Here’s to you Joe.
In early July 2004, news circulated that the newly formed Strummerville charity had arranged a street party in Joe’s hometown of Bridgwater on Saturday July 17th to coincide with the inclusion of Bridgwater’s entry in the South West heat of the BBC 2 TV programme Restoration.
Castle House (renamed Concrete Castle for the event) is situated just off Bridgwater High Street and it was hoped; a street party would raise the profile of the building and subsequent charity. More importantly, if successful, it would help secure in the region of one million pounds to enable renovation of the building via a phone poll on the day of the programmes screening.
If successful, Strummerville planned to turn Concrete Castle into the first base for its charity, providing benefits to individuals, groups and organisations to enable the production of music by creative people who would otherwise be prevented from doing so simply because they lack necessary funds. Their aim was to create Strummerville workplaces in key locations around the world. Concrete Castle hoped to be the first. Damien Hirst also planned to include an art installation in the building. With Joe’s name attached to the project, Concrete Castle was in with a good shout.
A few days before the event, a friend, Nigel Sandford, offered to drive Jo, Abi, and I to Bridgwater. The party was due to run from midday ”Ëtil 4pm, so, we set off from Exeter, early Saturday morning and arrived in Bridgwater, just before midday. The party was held directly adjacent to the site of the Concrete Castle, and as we walked through the town, numerous flyers advertising the event were dotted around. We turned the corner into the Concrete Castle, and were greeted by an enormous Strummerville banner that was attached to the side of the building. I felt a huge rush of emotion when I saw the banner. I spotted Keith Allen, who recognised me from past Strummer gigs, and we took our places among the fast increasing crowd. First on stage was Bez, swigging a pint. In his distinctive Northern drawl, he said to a huge roar, “Do you know there’s even a Bridgwater in Manchester.”Â Long-time Clash/Strummer DJ Barry ”ËScratchy’ Myers entertained all with a fine selection of top drawer tracks, including Strummer’s own Trash City. An array of artists was due to appear during the day – including Mick Jones, Badly Drawn Boy and Billy Bragg. Keith Allen hosted a Karaoke session between the acts, and when he came weaving through the crowd with his Karaoke book looking for likely candidates to kick off proceedings, without hesitation, I said I’d be up for doing a number. I thumbed through the pages of tunes, and noticed, London Calling was included. I told Keith I was up for having a stab, but I nipped round the pub for a livener before going anywhere near the stage! The first brave soul to get up and sing was a local girl, who performed a stirring version of Fever. Others were reluctant to step forward and sing, so Keith, gestured to me. But I wasn’t ready, so I downed another drink. One of the organisers approached me, and said I was on following a short set from local dance outfit Obedient Bone. Whaaaaaaaat!!! I was shitting myself, but as I made my way to the stage, I bumped into Joe’s widow Luce, “I hear you are getting up there?”Â I was apprehensive about performing, but Luce said, ”ËJust get do it.’ Her words of encouragement helped me enormously, but before I jumped on stage, Abi walked straight into the end of my lit cigarette. Fortunately, she only received a small burn to her shoulder and following lots of TLC from her mother (and Mick Jones) she was fine. Keith introduced me, and I sang London Calling to a rapturous reception. As I left the stage, a member of BBC’s OB team asked if I’d wanted to be included on the programme. I agreed, and signed the appropriate paper work (Nigel told me later, Mick Jones watched my performance from the wings, grinning like a Cheshire cat!).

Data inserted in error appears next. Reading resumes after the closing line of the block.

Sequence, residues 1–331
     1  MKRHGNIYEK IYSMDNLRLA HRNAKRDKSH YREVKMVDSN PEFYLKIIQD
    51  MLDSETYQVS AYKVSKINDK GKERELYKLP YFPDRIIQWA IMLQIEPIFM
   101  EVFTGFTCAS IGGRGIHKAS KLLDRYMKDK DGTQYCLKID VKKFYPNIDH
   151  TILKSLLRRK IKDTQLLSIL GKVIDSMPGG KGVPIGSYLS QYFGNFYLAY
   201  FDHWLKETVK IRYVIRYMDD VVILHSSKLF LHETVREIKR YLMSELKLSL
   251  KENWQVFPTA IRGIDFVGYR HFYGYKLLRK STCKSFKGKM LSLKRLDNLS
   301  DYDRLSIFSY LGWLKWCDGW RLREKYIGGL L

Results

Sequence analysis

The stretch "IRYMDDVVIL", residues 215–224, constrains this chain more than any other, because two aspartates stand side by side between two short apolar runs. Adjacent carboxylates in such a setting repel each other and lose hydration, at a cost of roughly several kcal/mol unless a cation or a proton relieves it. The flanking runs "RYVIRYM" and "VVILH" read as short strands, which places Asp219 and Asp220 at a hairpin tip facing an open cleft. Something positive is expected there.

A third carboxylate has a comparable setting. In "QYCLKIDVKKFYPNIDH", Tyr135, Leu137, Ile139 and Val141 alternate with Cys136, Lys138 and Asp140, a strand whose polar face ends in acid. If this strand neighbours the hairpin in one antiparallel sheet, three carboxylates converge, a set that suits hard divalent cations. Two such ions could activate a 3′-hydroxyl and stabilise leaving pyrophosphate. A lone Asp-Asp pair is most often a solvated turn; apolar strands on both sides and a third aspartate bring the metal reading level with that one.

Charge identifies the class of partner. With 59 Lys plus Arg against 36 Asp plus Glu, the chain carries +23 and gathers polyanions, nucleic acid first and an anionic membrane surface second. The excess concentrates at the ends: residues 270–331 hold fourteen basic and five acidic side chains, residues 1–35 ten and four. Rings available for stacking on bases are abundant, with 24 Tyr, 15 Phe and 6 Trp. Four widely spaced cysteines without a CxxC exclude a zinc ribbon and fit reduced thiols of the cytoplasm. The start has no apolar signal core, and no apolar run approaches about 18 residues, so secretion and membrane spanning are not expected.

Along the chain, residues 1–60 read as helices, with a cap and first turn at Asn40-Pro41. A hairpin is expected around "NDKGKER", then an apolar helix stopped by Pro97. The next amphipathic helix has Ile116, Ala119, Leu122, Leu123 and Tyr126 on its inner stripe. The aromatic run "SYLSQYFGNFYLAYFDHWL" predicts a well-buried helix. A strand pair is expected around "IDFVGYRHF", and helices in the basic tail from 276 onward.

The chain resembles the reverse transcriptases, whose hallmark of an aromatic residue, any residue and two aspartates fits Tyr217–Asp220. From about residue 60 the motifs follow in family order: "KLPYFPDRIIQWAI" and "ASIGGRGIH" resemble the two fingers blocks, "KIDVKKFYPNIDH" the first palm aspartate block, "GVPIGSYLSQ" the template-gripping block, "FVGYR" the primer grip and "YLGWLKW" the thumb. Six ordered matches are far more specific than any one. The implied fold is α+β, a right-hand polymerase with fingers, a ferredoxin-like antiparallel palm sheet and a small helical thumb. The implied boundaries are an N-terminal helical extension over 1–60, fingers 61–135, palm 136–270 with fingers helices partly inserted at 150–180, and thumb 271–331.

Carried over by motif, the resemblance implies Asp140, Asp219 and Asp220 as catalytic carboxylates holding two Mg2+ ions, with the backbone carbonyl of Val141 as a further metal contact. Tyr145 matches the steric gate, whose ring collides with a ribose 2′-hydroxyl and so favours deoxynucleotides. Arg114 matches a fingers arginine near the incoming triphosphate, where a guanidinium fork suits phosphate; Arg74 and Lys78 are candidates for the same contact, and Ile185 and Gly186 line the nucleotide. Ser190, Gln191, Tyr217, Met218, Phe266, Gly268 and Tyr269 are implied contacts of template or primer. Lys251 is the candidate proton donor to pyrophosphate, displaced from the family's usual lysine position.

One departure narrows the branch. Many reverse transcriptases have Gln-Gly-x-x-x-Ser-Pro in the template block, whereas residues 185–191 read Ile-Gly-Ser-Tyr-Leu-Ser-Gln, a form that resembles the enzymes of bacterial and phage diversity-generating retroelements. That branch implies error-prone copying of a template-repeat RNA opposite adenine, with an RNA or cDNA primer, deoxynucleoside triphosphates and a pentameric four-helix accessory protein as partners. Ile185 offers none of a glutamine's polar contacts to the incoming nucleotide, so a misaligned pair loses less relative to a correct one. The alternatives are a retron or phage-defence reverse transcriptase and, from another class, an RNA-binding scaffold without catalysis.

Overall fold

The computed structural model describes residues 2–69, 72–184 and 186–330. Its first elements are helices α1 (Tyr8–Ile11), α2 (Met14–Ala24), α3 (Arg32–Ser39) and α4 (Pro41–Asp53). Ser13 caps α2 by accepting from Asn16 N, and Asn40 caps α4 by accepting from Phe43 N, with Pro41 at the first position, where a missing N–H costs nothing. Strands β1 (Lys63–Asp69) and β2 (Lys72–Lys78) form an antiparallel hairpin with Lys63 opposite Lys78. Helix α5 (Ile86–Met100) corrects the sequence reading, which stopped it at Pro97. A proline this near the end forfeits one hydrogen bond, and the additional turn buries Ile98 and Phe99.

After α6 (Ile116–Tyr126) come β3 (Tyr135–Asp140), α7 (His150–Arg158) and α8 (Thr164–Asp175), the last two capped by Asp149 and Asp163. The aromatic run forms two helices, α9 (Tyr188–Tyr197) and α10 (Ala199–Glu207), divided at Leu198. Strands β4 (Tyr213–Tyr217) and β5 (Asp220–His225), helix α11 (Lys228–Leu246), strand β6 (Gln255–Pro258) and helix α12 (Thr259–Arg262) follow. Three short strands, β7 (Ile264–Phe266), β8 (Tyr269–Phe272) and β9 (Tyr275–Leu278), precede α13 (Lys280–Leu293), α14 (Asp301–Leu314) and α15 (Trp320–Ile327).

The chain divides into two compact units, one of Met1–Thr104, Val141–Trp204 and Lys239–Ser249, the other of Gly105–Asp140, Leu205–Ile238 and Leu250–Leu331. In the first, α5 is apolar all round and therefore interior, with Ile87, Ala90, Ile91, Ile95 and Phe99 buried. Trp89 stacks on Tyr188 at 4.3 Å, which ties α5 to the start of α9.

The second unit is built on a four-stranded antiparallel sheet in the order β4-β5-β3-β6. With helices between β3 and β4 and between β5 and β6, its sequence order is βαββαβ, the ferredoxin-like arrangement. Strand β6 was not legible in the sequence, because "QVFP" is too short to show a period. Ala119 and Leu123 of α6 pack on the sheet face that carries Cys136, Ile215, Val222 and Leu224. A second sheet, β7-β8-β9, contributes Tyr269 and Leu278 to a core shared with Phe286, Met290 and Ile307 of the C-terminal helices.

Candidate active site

Badly Drawn Boy played a short set, joined by Mick Jones, playing Joe’s famous Telecaster. At 4p.m. events were brought to a close with a massive Karaoke version of Rock The Casbah. Before we left for home, I approached Mick for a few words. He told me. “It takes a lot of guts to get up there and take Joe’s place and sing.”Â Phew! We had our photo taken with Mick and left. The following Saturday evening there was a short preview of the programme on BBC2. I missed it, but Jo said there was a brief clip of my stab at London Calling included. The following day, the full one-hour Restoration programme was aired; including a short piece about Castle House’s bid, plus a brief mention of the street party. Viewers were asked to submit their vote for who they thought deserved the cash. Two days later, it was revealed, Castle House just missed out, coming second to Sherbourne House. At least we gave it our best shot.
Joe Strummer RIP.